Outside in the lengthy corridor that led out of the venue and into reality, four limos were lined up, one for each member of Van Halen. I’d wandered out into this area looking for a loo, and surmised with a keen sense of deduction that, as the cars were still there the other members of the band must still on the premises. So where were they? And was it possible they were having a clandestine meeting sans DLR, because they’d reached the end of their tether with the singer? 

I don’t pretend to know the answer, but the vibe from Eddie Van Halen suggested that Vancouver had proved to be a turning point in the band’s relationship with Roth. Did the vocalist care? Not a bit. Back in the ‘party zone’ he seemed oblivious to any cloak-and-dagger tactics possibly being adopted by the others. And if anyone thought he was just a mouthy buffoon stewing in his own arrogance, then they were badly underestimating him. 

With hindsight, it was clear that Roth had already marked out those members of the Van Halen circle he believed he could trust and who would form part of his inner enclave. Bodyguards, assistants, roadies… the ones with him that night who weren’t treating him as the singer with Van Halen but as David Lee Roth, a circus ringmaster supreme. Whether deliberately or not, Roth was definitely making moves toward separating himself from the Van Halen pack.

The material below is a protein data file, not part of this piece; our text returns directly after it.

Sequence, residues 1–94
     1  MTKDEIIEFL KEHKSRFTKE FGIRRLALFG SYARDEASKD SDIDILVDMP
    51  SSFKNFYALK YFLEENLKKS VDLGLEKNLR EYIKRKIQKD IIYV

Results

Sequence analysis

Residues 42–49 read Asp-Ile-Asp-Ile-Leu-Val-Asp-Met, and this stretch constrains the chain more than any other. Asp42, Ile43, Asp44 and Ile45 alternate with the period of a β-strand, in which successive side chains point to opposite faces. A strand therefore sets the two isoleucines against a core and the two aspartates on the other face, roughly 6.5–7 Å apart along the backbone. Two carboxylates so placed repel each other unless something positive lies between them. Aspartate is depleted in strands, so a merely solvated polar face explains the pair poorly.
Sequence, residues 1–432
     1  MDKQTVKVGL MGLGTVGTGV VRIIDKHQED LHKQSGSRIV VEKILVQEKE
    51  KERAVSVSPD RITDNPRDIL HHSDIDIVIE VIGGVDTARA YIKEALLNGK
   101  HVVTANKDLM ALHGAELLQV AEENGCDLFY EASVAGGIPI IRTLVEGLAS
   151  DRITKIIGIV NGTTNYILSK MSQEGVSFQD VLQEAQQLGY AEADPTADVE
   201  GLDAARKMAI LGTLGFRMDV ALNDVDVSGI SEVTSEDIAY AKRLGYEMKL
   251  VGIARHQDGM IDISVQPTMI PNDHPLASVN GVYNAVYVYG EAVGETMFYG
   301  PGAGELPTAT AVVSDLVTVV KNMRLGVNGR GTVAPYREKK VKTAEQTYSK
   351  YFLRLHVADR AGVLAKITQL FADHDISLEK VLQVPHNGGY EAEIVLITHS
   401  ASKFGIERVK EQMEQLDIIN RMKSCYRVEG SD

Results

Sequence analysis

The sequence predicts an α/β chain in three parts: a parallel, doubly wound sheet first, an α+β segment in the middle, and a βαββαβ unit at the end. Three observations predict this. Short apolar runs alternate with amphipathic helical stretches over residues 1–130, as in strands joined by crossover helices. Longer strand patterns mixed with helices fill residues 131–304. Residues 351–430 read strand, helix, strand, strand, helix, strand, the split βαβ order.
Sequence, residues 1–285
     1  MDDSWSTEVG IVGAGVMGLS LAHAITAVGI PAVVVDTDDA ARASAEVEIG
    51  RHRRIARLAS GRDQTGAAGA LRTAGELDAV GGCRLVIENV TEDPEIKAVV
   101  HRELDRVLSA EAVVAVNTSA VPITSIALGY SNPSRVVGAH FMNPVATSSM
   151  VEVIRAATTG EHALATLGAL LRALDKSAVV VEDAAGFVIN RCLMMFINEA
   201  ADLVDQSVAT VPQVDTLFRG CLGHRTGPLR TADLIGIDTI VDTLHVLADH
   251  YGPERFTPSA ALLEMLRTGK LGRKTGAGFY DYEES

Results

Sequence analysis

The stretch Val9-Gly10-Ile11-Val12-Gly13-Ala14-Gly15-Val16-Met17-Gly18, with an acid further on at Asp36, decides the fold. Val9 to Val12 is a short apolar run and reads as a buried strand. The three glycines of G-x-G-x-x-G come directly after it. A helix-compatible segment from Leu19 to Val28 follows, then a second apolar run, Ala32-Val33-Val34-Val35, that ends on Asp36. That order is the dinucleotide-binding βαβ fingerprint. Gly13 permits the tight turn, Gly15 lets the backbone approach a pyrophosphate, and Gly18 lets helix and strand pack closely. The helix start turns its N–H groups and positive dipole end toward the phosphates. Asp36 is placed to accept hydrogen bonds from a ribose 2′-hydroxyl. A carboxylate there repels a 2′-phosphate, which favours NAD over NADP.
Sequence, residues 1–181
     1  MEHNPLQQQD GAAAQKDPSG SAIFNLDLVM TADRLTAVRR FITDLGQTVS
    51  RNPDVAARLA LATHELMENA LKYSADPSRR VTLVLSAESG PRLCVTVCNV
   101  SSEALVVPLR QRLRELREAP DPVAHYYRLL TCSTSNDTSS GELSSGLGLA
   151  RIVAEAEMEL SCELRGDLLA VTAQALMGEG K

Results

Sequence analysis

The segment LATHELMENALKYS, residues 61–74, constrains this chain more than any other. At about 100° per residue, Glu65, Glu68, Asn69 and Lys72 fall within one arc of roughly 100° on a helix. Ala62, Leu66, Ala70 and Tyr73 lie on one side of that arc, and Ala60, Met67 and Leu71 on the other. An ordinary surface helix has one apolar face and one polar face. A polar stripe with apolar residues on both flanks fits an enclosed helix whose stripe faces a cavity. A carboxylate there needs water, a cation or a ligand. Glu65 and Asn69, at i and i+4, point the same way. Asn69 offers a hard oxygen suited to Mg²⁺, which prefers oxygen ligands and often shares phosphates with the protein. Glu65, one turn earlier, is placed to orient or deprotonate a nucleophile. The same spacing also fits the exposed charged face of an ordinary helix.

As had been the case ever since the band first burst on the scene some six years previously, Roth was the man making decisions. And if the lifespan of Van Halen with him at the helm was about to expire, then that was because he’d decided to move on. Of course, as we all know, the 1984 album and tour was to be the band’s last with Roth. He used his subsequent debut solo record, the Crazy From The Heat EP, to distance himself from the mothership and go out on his own, looking to further his career both as musician and entertainer.